“Soldiers v Politicians: Israel’s Generals and Their Troubled Relationship with the Elected Cabinet”
The Economist, March 14, 2016
“All is not well between Israel’s cabinet and the generals who supposedly report to them. Major-General Herzl Halevi arrived at the Knesset on February 23rd for what was planned as a routine briefing for members of the defence committee of Israel’s parliament. Instead, the chief of military intelligence delivered a stark warning. Despite efforts by the Palestinian militant movement Hamas to maintain the ceasefire around the Gaza Strip, he said, the lack of economic development in the coastal enclave, currently under joint Israeli and Egyptian blockade, would inevitably lead to humanitarian catastrophe and another round of violence between Israel and Gaza. What General Halevi left unsaid is that there has long been disagreement on Gaza’s future between Israel’s government and its men and women in uniform. Going back as far as the bloody coup in 2007, when Hamas seized full control of Gaza (from which Israel withdrew in 2005), the generals and members of the National Security Council have advised the politicians to find ways to help Gaza’s economy, opening up the blockade and building infrastructure, including a seaport there. The rationale is that better economic prospects would deter the Palestinians from firing missiles on Israeli towns. But successive Israeli governments, bolstered behind the scenes by neighbouring Egypt’s enmity towards Hamas, have not been enthused by these proposals. … The tension between the government and the security establishment is largely due to the generals’ belief that economic incentives and dialogue will prove more efficient in curbing Palestinian attacks than further crackdowns. Last year, the main cause of disagreement was the generals’ reluctance to echo Mr Netanyahu’s warnings of the dire consequences of the nuclear deal signed between Iran and the international community. In briefings they have even spoken of the ‘opportunities’ the deal could afford Israel’s security. … Despite the IDF’s central role in Israeli society—where most of the Jewish majority take part in compulsory military service, and the army uniformly ranks in surveys as the most popular of national institutions—the generals are usually careful to not overstep the line in public. Ultimately they have deferred to their political masters.”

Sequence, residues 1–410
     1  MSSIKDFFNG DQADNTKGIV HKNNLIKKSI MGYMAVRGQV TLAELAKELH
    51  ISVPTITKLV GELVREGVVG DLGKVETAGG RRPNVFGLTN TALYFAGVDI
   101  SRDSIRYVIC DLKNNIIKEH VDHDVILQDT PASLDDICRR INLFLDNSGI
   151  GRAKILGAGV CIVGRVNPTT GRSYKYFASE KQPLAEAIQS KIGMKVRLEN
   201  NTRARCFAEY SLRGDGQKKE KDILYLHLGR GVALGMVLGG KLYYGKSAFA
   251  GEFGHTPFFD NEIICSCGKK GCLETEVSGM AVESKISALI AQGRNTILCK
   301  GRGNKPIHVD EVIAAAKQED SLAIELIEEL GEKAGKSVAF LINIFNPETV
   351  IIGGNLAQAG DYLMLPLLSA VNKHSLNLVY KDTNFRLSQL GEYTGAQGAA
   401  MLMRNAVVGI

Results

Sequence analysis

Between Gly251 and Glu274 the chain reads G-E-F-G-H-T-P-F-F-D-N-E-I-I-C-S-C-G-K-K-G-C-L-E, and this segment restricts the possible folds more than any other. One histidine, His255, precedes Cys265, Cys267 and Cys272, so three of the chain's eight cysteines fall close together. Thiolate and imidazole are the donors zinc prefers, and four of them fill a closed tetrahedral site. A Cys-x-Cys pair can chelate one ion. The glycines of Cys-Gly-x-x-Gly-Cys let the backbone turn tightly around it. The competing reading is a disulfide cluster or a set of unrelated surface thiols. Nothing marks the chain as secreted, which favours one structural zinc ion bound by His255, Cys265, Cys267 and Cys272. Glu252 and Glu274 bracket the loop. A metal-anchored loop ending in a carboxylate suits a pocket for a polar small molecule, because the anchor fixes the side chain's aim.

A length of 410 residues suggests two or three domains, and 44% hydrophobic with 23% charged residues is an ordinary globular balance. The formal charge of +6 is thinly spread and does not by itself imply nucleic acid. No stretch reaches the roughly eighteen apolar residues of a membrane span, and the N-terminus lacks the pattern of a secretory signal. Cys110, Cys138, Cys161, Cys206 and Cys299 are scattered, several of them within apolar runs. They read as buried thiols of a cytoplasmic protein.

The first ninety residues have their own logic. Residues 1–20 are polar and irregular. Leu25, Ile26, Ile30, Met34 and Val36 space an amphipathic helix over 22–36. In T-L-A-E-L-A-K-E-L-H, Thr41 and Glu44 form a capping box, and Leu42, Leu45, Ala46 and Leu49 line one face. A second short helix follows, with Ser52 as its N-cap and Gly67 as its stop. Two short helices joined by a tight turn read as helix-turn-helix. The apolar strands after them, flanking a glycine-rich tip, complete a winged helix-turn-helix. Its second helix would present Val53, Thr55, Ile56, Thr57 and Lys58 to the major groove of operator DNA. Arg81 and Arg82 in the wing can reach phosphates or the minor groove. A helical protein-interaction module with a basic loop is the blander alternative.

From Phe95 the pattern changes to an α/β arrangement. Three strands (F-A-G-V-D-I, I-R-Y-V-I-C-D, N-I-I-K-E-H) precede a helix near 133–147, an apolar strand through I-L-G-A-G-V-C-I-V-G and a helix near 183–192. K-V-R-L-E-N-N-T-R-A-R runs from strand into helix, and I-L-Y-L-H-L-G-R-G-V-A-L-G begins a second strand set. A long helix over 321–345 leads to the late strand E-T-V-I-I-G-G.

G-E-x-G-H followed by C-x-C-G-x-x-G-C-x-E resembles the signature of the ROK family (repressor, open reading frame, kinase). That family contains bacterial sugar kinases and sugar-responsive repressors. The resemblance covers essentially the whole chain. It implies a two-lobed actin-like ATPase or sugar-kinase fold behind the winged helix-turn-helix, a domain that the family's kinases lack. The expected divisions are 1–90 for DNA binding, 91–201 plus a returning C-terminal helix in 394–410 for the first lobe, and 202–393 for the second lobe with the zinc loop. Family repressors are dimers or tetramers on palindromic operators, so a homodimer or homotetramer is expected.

Quickie analysis: Israel’s active generals seem to be trying to protect the state, not grandstand for the next election. Too bad their advice is not being heeded.